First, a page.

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Explaining the Luxury Tax in Major League Baseball

There exist mechanisms in place in most American sports leagues to ensure that the league remains in a competitive balance and to prevent teams that operate in major markets (and thus have higher incomes) sign all the most talented players. Major League Baseball uses the Competitive Balance Tax, which is commonly called the Luxury tax, as a method to discourage teams from having huge payrolls that could result in the league being imbalanced.

The Luxury tax is different from other methods for limiting payroll as it doesn’t really prohibit big payrolls, as would be the case of a salary cap. What it does is imposing a penalty on the teams whose total payroll exceeds a certain amount previously defined on the Collective Bargaining Agreement (CBA).

The following are the luxury tax thresholds for the years covered in the current CBA




$178 million


$178 million


$189 million


$189 million


$189 million


Any team whose payroll exceeds the threshold will be taxed a percentage of the exceeding amount.

Determining the tax rate

The tax rate is completely dependent on the team’s tax history. Teams that have been “repeat offenders” - hello New York Yankees - are subject to paying a higher tax rate.

This is how the tax rate will be calculated for clubs above the threshold in 2013 through 2016:

  • 17.5% if the team didn’t exceed the tax threshold in 2012
  • 30% if the team exceeded the tax threshold in 2012 and paid 20%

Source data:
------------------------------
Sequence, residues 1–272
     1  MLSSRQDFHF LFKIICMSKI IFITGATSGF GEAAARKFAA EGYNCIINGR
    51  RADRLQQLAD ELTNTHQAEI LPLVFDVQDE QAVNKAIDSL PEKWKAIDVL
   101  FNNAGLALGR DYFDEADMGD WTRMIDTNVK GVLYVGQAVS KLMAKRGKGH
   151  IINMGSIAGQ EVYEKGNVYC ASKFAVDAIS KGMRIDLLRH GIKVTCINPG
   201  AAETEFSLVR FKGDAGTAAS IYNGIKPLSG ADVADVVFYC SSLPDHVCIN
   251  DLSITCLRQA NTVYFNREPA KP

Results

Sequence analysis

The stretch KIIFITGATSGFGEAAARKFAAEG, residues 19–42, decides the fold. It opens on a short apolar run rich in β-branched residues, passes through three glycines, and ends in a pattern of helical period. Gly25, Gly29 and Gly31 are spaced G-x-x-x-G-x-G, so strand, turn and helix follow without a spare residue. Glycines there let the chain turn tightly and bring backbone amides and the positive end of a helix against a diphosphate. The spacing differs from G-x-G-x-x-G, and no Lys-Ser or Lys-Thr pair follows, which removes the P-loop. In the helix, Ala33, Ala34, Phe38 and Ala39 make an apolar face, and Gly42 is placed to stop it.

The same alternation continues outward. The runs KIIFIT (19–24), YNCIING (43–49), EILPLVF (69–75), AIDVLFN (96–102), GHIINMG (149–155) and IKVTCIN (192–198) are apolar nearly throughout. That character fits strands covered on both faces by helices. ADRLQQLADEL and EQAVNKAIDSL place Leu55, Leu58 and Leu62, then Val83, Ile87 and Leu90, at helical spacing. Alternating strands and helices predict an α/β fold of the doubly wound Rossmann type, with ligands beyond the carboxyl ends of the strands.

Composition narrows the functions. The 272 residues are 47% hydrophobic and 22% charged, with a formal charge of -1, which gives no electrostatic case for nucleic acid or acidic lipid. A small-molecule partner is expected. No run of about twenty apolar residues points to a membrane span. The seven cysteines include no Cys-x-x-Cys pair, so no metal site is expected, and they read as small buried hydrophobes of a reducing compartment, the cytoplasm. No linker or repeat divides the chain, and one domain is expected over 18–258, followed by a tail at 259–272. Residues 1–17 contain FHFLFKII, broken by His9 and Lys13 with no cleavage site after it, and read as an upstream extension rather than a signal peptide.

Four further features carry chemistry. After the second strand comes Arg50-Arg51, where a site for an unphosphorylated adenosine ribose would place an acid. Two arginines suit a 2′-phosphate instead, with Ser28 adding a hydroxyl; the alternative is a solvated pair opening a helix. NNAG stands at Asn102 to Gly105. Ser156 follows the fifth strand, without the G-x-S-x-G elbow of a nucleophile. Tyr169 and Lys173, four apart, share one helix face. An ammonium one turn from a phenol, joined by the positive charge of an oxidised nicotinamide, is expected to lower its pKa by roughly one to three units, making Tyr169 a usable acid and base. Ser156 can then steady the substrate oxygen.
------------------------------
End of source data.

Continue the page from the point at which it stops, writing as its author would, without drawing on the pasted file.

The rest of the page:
• 40% if the team exceeded the tax threshold both in 2011 and 2012, meaning they paid 30% in 2012
  • 50% if the team exceeded the tax threshold in the last few years and they paid anything over 40%

Now, these percentages change with each new CBA, but the logic applied is usually the same. If you exceed the threshold, you’ll pay. If you have exceeded it for a few years in a row, you’ll pay more.

So, for example, if a team had a total payroll of $190 million in 2013 and they didn’t pay any tax the year before, they would be assessed a 17.5% tax over the $12 million (190 - 178) excedent, for a total of $2.1 million. If they had paid for the first time in 2012, they would have paid 30% (11.7 million),

Interestingly, though, avoiding the luxury tax for just one year resets the team’s tax rate. This is the main reason why the Yankees have been so quiet in the 2012-2013 offseason. They are pushing to lower their payroll below the threshold by 2014. After that, if they go again over the luxury tax threshold, instead of paying a 50% tax rate, they’d only pay 17.5%. That is a huge difference for any team.

Teams who have been over the threshold

Only four teams have exceeded the luxury tax threshold (by the end of the 2012 season): the New York Yankees, the Boston Red Sox, the Anaheim Angels and the Detroit Tigers. The Yankees have paid it every single year since its inception in 2003, which has led people to call it the ‘Yankees tax’.

Update: In 2013 the Yankees (50% rate) and Dodgers (17.5% rate) had to pay luxury tax.

Here is a breakdown of how much teams have paid since 2003:

Explaining The Luxury Tax Graph
For the upcoming 2013 season, the Los Angeles Dodgers

are taking a leaf out of the Yankees’ book as they have added millions in payroll with the addition of players like Adrian Gonzalez, Josh Beckett, Carl Crawford, Nick Punto, Zack Greinke, Hyun-Jin Ryu and possibly others to come. With this increase in payroll, they will for sure exceed the luxury tax threshold. At least for now, though, the owners are not very concerned with that.

What happens to the money gathered through this tax?

The money that is generated through this luxury tax is not distributed among the other teams in the league (which is what happens in the NBA). The first $5 million is kept for potential refunds. If there are no refunds, then that amount is contributed to the  Fund. The rest of the money is used as follows:

  • 50% is used to fund player benefits
  • 25% is used to fund baseball development in countries that don’t have high school baseball
  • 25% goes to the Industry Growth Fund

Now you know...


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